Stomach cancer care at Mayo Clinic

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Mayo Clinic experts in oncology, gastroesophageal junction cancer and other cancers of the digestive system are equipped with the knowledge and resources to provide you with exactly the care you need.

Mayo Clinic Connect: Cancer

Your Mayo Clinic care team

At Mayo Clinic, medical oncologists, gastroenterologists, radiation oncologists, general surgeons, thoracic surgeons, pathologists and pharmacologists work as a multidisciplinary team to provide comprehensive care for those with gastroesophageal cancer and stomach cancer. Other professionals who may be involved in your care are:

  • Dietitians
  • Medical geneticists
  • Occupational therapists
  • Palliative care experts
  • Pharmacologists
  • Physical therapists
  • Social workers

Advanced diagnosis and treatment

Mayo Clinic doctors will work with you to review your treatment options and develop a treatment plan that best suits your needs and goals.

The range of treatments offered to people with stomach cancer or gastroesophageal junction cancer includes targeted therapy, chemotherapy, radiation therapy and many types of surgical procedures, such as minimally invasive surgery, esophagectomy, subtotal gastrectomy and total gastrectomy.

Proton beam therapy, one of the newest radiation therapies available at Mayo Clinic in the Rochester and Phoenix locations, uses a highly targeted precision beam to treat cancers located close to critical organs and body structures. Mayo Clinic's Proton beam therapy program features intensity-modulated proton beam therapy with pencil beam scanning, which allows radiation oncologists to destroy cancer while sparing healthy tissue.

Nationally recognized expertise

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Mayo Clinic has extensive experience treating gastroesophageal junction cancer and stomach cancer. The three Mayo Clinic campuses combined treat about 450 patients with gastroesophageal junction cancer or stomach cancer each year.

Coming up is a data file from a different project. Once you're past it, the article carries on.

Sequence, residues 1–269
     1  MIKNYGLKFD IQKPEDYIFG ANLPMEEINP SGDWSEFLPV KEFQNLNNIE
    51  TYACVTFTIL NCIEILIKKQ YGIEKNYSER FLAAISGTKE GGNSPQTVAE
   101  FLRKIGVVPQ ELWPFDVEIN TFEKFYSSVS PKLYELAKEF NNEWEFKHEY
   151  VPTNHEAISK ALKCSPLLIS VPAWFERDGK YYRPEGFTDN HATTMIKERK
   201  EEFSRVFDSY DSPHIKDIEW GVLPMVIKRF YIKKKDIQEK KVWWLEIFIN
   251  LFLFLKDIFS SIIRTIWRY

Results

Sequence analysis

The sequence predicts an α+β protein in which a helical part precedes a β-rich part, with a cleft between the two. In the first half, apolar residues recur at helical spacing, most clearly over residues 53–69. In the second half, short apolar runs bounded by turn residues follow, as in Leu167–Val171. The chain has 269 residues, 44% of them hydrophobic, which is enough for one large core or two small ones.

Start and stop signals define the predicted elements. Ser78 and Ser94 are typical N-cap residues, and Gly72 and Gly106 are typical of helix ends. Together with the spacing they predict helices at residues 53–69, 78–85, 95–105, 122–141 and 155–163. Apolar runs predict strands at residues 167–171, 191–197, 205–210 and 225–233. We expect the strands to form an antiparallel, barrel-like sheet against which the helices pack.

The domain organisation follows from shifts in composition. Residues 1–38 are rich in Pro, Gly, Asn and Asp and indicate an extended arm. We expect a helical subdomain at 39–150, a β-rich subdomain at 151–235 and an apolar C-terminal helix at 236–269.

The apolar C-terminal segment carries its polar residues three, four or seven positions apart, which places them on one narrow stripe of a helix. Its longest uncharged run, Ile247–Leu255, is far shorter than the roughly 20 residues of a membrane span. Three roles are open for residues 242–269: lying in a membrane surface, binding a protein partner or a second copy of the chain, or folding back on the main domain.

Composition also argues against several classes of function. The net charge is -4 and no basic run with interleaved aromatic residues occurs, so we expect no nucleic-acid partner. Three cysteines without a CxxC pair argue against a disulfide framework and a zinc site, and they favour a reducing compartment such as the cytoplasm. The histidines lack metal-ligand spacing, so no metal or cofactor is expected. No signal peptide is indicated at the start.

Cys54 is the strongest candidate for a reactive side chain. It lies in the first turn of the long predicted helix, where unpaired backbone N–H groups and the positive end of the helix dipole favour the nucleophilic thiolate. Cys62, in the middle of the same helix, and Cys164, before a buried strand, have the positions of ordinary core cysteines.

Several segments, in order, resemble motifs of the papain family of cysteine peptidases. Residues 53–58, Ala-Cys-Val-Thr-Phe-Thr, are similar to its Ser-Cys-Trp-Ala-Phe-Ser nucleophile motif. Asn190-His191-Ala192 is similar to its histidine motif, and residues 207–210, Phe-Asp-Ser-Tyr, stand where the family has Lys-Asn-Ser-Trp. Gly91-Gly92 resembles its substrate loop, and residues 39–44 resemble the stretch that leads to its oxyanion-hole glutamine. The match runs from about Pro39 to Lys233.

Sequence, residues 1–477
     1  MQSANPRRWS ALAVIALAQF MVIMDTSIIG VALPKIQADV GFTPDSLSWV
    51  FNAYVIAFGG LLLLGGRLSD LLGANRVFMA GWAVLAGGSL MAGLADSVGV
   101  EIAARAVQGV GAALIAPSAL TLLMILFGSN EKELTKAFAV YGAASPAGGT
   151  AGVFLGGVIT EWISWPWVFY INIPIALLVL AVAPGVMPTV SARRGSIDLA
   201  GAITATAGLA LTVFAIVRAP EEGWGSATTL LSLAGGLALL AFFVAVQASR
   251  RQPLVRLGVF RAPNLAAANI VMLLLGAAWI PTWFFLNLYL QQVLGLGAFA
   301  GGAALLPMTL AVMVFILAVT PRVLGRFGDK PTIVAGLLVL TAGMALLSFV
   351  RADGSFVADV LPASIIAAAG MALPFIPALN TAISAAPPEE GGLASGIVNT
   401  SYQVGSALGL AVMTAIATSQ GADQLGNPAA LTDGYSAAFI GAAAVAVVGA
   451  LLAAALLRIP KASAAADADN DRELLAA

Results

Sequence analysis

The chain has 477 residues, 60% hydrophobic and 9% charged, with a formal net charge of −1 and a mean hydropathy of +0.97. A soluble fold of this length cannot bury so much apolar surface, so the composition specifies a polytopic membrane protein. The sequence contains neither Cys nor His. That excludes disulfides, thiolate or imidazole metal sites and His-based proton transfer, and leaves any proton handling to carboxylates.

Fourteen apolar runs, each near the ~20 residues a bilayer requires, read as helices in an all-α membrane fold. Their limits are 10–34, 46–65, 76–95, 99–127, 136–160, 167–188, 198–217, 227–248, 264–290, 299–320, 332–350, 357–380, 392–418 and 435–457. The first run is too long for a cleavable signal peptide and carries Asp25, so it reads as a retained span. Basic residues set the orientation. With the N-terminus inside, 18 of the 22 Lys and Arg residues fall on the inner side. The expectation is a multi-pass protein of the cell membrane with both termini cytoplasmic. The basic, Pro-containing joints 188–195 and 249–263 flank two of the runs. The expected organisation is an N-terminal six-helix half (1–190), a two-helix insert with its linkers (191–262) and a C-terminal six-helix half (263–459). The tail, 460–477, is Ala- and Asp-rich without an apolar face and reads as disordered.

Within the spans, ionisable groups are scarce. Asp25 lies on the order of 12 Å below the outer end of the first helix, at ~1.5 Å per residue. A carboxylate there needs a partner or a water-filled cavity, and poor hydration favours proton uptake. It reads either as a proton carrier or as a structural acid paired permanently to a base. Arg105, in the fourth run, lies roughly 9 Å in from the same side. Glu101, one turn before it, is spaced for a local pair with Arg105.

Mayo Clinic Cancer Center meets strict standards for a National Cancer Institute comprehensive cancer center, which recognizes scientific excellence and a multidisciplinary approach to cancer prevention, diagnosis and treatment.

Mayo Clinic in Rochester, Minn., Mayo Clinic in Jacksonville, Fla., and Mayo Clinic in Scottsdale, Ariz., are ranked among the Best Hospitals for cancer by U.S. News & World Report.

Mayo Clinic in Rochester, Minn., ranks No. 1 for digestive disorders in the U.S. News & World Report Best Hospitals rankings. Mayo Clinic in Scottsdale, Ariz., and Mayo Clinic in Jacksonville, Fla., are ranked among the Best Hospitals for digestive disorders by U.S. News & World Report. Mayo Clinic also ranks among the Best Children's Hospitals for digestive disorders.

Aug. 19, 2017
References
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  2. Niederhuber JE, et al., eds. Cancer of the stomach and gastroesophageal junction. In: Abeloff 's Clinical Oncology. 5th ed. Philadelphia, Pa.: Churchill Livingstone Elsevier; 2014. https://www.clinicalkey.com. Accessed March 23, 2016.
  3. Feldman M, et al. Adenocarcinoma of the stomach and other gastric tumors. In: Sleisenger and Fordtran's Gastrointestinal and Liver Disease: Pathophysiology, Diagnosis, Management. 10th ed. Philadelphia, Pa.: Saunders Elsevier; 2016. https://www.clinicalkey.com. Accessed March 23, 2016.
  4. Gastric cancer. Fort Washington, Pa.: National Comprehensive Cancer Network. http://www.nccn.org/professionals/physician_gls/f_guidelines.asp. Accessed March 23, 2016.
  5. Gastrointestinal stromal tumors treatment — Patient version (PDQ). National Cancer Institute. http://www.cancer.gov/types/soft-tissue-sarcoma/patient/gist-treatment-pdq. Accessed March 24, 2016.
  6. Palliative care. Fort Washington, Pa.: National Comprehensive Cancer Network. http://www.nccn.org/professionals/physician_gls/f_guidelines.asp. Accessed March 23, 2016.
  7. Singh S, et al. Physical activity is associated with reduced risk of gastric cancer: A systematic review and meta-analysis. Cancer Prevention Research. 2014;7:12.
  8. Carr JS, et al. Risk factors for rising incidence of esophageal and gastric cardia adenocarcinoma. Journal of Gastrointestinal Cancer. 2013;44:143.
  9. Atasoy A, et al. Multimodality approaches to potentially resectable esophagogastric junction and gastric cardia adenocarcinomas. https://www.uptodate.com/home. Accessed April 26, 2017.
  10. Goode EF, et al. Immunotherapy for gastroesophageal cancer. Journal of Clinical Medicine. 2016;5:84.
  11. Crane SJ, et al. Subsite-specific risk factors for esophageal and gastric adenocarcinoma. American Journal of Gastroenterology. 2007;102:1596.
  12. Ajanai JA, et al. Esophageal and esophagogastric junction cancers, version 1.2015. Journal of the National Comprehensive Cancer Network. 2015;13:194.
  13. Maron SB, et al. Novel targeted therapies for esophagogastric cancer. Surgical Oncology Clinics of North America. 2017;26:293.